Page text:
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Fuzzing with libFuzzer

Updated: Apr 9

Fuzzing: The art of confusing code until it confesses its vulnerabilities!

Introduction


Ensuring code robustness and security is paramount in the dynamic landscape of software development. Fuzz testing helps developers identify and fix critical bugs in SDLC. It involves feeding unexpected inputs to a program to discover vulnerabilities, crashes, or unexpected behaviors.


Fuzzing with LibFuzzer
Fuzzing with LibFuzzer

This cybersecurity blog will show how to apply fuzz testing using libFuzzer to the dlib project, a popular C++ machine learning library. Dlib is used in both industry and academia in a wide range of domains including robotics, embedded devices, mobile phones, and large high performance computing environments. Dlib's open source licensing allows you to use it in any application, free of charge.


What is Fuzzing


Fuzzing, or fuzz testing, is a software testing technique that automatically feeds a program with a wide range of unexpected and invalid inputs to uncover vulnerabilities, bugs, crashes, and flaws. The primary goal of fuzzing is to identify how a program responds to inputs for which it was not explicitly designed to handle, often revealing crashes, memory leaks, security vulnerabilities, and other unexpected behaviors.


Fuzzing involves generating multiple test inputs, often by mutating or developing random data (from a "seed") and feeding these inputs into a target program. The idea is to explore various paths of execution within the program, including edge cases and rare scenarios, to identify weaknesses that attackers might exploit or could lead to system failures. Fuzzing can be applied to various types of software, including applications, libraries, operating systems, network protocols, and more. It is particularly effective at uncovering memory corruption issues like buffer overflows, use-after-free vulnerabilities, format string vulnerabilities, and other security-related problems.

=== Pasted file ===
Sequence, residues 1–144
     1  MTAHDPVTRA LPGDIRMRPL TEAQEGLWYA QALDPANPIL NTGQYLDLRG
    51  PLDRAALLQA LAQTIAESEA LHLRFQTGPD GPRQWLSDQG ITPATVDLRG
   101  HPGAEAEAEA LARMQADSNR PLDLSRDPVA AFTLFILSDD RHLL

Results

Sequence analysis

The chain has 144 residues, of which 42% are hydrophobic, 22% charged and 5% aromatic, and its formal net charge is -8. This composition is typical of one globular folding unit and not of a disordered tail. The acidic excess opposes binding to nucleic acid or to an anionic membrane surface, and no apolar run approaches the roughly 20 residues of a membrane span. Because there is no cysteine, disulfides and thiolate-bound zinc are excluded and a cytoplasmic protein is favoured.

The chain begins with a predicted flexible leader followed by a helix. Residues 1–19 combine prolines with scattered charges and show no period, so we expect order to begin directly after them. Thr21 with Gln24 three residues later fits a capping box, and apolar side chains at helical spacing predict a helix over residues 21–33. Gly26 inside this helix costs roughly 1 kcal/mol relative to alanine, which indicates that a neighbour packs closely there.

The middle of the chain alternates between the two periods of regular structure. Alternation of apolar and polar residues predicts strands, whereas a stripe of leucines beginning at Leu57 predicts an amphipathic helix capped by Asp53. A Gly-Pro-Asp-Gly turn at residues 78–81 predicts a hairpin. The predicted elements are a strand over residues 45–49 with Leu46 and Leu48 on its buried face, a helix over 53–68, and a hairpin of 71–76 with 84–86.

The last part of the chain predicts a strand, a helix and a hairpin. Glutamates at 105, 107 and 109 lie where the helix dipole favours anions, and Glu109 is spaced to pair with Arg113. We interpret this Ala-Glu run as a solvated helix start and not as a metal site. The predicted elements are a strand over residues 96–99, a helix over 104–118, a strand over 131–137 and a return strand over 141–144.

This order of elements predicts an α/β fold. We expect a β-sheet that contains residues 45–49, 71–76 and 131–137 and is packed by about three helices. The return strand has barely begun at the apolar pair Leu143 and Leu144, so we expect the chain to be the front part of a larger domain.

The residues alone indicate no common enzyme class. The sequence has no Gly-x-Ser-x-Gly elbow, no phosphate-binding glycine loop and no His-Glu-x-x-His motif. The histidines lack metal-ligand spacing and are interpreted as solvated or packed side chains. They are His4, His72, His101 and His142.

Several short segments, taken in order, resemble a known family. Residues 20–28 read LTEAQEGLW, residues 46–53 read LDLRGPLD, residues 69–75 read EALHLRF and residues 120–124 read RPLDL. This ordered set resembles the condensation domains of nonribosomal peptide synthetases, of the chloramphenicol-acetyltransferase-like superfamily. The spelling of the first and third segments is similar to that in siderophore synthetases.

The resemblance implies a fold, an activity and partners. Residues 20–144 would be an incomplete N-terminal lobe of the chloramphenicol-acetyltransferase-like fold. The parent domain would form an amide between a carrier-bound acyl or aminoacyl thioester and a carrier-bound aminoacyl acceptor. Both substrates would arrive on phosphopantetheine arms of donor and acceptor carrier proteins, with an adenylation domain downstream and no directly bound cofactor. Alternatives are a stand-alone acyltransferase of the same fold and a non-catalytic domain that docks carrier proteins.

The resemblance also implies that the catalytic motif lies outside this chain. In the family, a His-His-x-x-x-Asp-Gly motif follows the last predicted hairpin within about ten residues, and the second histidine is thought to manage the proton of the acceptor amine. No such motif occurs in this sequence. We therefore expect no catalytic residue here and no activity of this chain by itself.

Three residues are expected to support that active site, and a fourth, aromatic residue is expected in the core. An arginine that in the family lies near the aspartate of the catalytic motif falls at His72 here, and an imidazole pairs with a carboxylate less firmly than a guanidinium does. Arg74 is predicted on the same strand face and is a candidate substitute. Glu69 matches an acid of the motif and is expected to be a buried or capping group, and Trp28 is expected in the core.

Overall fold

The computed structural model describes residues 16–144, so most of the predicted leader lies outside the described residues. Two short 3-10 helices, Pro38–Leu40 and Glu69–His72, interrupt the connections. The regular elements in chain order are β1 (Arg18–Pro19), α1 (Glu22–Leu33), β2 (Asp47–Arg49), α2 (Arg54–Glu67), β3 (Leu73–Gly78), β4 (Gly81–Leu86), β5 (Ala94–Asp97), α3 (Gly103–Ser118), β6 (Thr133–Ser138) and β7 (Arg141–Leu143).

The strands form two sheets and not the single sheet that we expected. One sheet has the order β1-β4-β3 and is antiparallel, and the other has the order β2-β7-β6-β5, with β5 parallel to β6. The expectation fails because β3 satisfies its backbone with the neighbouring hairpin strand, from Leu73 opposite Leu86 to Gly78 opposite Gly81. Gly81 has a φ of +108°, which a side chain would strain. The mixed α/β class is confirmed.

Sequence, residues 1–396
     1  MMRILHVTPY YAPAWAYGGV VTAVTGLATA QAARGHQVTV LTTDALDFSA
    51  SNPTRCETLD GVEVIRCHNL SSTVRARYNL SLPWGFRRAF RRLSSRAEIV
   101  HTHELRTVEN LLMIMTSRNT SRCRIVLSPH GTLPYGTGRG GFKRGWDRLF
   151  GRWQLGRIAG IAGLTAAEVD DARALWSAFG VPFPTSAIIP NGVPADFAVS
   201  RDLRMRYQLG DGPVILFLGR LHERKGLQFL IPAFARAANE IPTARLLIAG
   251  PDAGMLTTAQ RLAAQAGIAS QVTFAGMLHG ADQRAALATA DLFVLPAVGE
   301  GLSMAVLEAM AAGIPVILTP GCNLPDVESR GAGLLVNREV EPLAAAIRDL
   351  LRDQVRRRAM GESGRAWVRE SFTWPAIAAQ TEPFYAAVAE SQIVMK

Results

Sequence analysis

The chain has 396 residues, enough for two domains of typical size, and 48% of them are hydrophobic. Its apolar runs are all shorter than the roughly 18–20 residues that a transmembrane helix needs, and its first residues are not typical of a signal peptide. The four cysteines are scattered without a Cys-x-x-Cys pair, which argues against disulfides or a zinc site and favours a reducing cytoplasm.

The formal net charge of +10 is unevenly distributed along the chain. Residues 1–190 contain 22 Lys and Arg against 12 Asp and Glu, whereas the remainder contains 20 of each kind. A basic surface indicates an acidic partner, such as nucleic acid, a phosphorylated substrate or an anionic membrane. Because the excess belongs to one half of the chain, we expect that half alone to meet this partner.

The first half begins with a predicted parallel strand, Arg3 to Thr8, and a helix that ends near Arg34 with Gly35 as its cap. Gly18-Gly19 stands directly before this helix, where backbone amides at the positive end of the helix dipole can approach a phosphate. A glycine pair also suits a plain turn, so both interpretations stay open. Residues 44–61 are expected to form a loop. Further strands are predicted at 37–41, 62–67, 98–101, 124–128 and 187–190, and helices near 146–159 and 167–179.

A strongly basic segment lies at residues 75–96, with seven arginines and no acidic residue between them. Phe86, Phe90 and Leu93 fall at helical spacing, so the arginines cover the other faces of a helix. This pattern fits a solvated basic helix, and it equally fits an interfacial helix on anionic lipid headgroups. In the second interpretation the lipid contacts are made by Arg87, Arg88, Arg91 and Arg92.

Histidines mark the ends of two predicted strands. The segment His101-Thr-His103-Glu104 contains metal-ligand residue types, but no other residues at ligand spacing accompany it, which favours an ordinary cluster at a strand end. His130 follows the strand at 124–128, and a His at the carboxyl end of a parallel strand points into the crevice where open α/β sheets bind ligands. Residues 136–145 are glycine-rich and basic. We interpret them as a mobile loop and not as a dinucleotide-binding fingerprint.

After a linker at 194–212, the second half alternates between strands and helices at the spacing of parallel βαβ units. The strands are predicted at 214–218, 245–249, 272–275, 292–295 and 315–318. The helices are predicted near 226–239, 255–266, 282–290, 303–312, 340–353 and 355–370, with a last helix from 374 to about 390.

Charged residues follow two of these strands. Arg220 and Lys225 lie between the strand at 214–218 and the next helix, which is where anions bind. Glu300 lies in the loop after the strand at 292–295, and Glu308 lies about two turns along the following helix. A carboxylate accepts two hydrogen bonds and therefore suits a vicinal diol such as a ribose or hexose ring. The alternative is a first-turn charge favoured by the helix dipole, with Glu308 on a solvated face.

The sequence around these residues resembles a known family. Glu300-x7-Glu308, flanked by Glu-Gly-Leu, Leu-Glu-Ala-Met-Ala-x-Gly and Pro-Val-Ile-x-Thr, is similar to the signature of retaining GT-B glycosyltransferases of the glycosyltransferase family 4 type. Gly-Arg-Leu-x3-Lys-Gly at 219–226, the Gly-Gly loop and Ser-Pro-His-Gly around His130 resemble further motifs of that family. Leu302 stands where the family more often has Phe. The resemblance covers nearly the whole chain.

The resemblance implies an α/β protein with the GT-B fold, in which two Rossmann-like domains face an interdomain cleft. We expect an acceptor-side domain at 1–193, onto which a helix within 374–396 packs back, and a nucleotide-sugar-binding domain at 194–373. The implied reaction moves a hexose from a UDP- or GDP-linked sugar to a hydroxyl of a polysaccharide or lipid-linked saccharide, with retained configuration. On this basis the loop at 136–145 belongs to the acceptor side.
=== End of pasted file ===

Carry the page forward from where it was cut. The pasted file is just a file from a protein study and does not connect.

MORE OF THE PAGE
There are multiple approaches to fuzzing, including:


  • Random Fuzzing: This approach involves generating and providing random inputs to the program. While simple, random fuzzing can sometimes uncover fundamental issues. However, it may miss more complex vulnerabilities that require targeted inputs.


  • Mutation-Based Fuzzing: This technique starts with an initial set of valid inputs and then gradually mutates or modifies them in various ways to create new test cases. This approach often leads to the discovery of more targeted vulnerabilities.


  • Grammar-Based Fuzzing: The inputs are generated based on a specified grammar or syntax. This approach can be more effective in creating structured and meaningful test cases.


  • Coverage-Guided Fuzzing: This is a more advanced approach where the fuzzer tracks code coverage during testing. Inputs that lead to new, unexplored code paths are prioritized, allowing the fuzzer to discover more profound vulnerabilities.


Fuzzing is a critical component of modern software development and security practices. By subjecting software to a diverse set of inputs, it helps identify and fix bugs early in the development lifecycle, reducing the potential attack surface and enhancing the overall security of the software.


What is libFuzzer


LibFuzzer is a library to assists in the fuzzing of applications and libraries. LibFuzzer is an in-process, coverage-guided, evolutionary fuzzing engine. Google's libFuzzer was a part of the LLVM project and is widely used for automated software testing through fuzzing. It follows a coverage-guided approach that explores new code paths based on feedback.


It uses a feedback-driven approach, which means it can continuously mutate the input data based on the feedback from the program's execution, thus helping uncover a wide range of bugs and crashes, including memory corruption issues and security vulnerabilities in C/C++ code. .